For years, as a clinician, I've been frustrated by how society addresses mental illness and substance abuse, and the lack of progress made. Advances in psychotherapy and medication have had little impact.

Two reasons, of many, are the issues of stigma and the poor understanding of the dynamics involved. Stigma is so pervasive in society. We're blind to it, and it makes mental illness and substance abuse so reprehensible no one wants to be associated with either, let alone admit to being one. This goes for family, friends and many treatment professionals.

The stigma of substance abuse is so negative most would prefer a diagnosis of mental illness instead. Certain attitudes, theories and treatment regimens make it difficult — if not impossible — to effectively treat either disorder, especially since they most often co-occur. Some professionals give inconsistent and conflicting advice, which confuse and unknowingly enable substance use.

Unless we learn to destigmatize both, we'll struggle and fail in reducing their presence. Stigma motivates people to work hard on finding less offensive causes (usually wrong), for mental illness and substance abuse. What we resist will persist.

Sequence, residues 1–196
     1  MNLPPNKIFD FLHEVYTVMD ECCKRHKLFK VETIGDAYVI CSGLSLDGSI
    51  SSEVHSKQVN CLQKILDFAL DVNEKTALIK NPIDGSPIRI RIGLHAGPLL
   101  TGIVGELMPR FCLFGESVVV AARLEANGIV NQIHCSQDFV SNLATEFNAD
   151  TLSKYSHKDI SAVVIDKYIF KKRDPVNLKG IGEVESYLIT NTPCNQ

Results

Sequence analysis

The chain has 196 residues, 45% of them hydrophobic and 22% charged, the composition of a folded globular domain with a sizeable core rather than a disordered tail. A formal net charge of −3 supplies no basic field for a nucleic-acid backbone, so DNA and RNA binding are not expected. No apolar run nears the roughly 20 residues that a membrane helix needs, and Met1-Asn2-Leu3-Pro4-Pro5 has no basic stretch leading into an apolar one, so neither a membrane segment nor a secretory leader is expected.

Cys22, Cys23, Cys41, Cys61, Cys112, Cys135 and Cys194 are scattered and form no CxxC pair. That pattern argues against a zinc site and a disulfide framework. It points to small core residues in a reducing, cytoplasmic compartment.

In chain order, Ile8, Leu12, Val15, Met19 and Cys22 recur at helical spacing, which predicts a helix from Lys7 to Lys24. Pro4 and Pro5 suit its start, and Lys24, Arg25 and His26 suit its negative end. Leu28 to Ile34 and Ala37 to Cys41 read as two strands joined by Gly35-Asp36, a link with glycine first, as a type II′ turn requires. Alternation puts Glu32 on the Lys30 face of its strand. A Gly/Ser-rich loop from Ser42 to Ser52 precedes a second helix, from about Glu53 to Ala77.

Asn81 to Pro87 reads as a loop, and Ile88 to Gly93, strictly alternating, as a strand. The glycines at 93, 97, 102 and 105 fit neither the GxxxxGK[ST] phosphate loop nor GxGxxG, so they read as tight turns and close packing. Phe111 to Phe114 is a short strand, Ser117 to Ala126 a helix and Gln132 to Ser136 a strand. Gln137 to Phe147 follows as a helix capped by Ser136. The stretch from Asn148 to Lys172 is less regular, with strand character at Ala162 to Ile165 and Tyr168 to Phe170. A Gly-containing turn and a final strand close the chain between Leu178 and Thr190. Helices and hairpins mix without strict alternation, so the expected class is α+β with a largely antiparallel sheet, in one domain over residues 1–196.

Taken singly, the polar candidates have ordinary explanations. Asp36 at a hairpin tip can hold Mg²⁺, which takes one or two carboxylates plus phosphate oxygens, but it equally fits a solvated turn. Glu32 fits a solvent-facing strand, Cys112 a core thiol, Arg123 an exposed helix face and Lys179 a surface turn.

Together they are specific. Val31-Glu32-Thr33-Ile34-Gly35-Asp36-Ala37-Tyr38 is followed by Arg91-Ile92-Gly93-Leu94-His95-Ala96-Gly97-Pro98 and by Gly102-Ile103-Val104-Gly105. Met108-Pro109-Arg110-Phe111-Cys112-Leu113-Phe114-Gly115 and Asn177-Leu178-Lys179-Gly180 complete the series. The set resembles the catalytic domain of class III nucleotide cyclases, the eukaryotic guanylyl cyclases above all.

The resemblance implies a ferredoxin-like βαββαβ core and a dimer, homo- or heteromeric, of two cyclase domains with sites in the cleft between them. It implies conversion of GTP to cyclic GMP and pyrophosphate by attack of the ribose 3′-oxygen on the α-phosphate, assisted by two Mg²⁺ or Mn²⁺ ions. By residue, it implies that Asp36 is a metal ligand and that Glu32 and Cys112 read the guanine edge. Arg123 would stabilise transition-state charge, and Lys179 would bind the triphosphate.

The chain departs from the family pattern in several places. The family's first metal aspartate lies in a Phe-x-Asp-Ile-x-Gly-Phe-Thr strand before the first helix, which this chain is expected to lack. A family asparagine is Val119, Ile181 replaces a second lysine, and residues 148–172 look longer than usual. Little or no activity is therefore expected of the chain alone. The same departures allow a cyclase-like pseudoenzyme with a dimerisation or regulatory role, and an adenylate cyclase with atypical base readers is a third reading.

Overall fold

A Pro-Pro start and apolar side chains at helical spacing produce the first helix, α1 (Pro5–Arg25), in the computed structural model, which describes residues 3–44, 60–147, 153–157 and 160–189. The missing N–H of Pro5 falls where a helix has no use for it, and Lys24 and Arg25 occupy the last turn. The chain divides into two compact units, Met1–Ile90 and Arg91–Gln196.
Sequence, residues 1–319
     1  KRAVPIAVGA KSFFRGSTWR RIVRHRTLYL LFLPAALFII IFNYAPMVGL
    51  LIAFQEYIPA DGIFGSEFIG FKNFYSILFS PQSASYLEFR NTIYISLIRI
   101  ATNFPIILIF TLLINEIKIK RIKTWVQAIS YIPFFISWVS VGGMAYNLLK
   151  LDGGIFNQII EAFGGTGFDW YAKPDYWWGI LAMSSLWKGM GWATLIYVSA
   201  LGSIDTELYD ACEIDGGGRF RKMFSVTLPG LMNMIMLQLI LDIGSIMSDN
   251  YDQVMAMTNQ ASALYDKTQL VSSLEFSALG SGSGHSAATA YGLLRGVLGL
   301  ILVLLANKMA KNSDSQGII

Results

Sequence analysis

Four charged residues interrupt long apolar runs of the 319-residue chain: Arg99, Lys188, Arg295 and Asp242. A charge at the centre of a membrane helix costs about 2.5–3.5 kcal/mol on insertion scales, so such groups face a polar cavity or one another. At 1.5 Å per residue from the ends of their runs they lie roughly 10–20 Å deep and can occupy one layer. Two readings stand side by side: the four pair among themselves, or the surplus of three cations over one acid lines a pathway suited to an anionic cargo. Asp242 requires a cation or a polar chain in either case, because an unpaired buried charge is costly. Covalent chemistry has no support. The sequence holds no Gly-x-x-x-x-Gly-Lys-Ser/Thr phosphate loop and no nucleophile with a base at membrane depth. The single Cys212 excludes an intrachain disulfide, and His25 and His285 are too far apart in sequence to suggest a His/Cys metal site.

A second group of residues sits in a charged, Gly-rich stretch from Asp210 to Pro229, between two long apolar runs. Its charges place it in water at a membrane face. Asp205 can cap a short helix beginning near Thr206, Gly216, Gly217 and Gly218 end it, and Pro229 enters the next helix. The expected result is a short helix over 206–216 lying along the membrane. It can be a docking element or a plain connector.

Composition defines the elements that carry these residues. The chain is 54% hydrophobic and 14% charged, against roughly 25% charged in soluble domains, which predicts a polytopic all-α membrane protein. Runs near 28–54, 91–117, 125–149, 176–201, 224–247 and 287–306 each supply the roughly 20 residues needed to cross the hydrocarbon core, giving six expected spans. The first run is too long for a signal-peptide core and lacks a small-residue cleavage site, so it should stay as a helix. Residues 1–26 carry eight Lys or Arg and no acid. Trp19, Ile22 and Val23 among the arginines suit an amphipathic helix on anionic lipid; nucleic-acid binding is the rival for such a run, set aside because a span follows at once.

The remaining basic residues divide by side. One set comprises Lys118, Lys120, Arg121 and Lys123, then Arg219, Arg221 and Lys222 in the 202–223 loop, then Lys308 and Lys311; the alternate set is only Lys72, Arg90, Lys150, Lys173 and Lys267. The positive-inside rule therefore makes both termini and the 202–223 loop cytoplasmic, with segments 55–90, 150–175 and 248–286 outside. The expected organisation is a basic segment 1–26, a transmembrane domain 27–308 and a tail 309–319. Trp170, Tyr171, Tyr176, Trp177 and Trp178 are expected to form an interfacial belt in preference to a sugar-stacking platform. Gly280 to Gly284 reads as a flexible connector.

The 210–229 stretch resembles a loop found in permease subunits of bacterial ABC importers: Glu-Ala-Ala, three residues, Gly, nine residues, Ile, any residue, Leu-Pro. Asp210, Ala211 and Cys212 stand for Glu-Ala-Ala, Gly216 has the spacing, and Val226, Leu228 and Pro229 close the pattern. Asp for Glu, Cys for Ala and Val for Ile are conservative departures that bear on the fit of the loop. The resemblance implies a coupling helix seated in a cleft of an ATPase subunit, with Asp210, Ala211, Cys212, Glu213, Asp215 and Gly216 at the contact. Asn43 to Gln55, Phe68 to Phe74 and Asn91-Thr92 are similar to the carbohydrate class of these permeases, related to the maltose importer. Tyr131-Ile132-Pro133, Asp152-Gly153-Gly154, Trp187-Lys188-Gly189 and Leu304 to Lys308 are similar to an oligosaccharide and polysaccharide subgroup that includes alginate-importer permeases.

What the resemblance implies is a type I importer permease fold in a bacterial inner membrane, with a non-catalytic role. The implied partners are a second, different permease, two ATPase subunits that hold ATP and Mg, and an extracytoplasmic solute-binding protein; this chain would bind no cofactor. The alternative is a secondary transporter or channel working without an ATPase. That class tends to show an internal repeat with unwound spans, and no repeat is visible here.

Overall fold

Before we can achieve a better understanding and create more effective strategies in treating mental illness and substance abuse, we must learn to feel more comfortable in how we view them. The above may offend some, but I ask: Why is it that 95% of addicts don't believe they have a problem, or only 1% to 3% of them ever get help? Do cancer patients typically behave this way?

BRENTON KAHLE

Astoria

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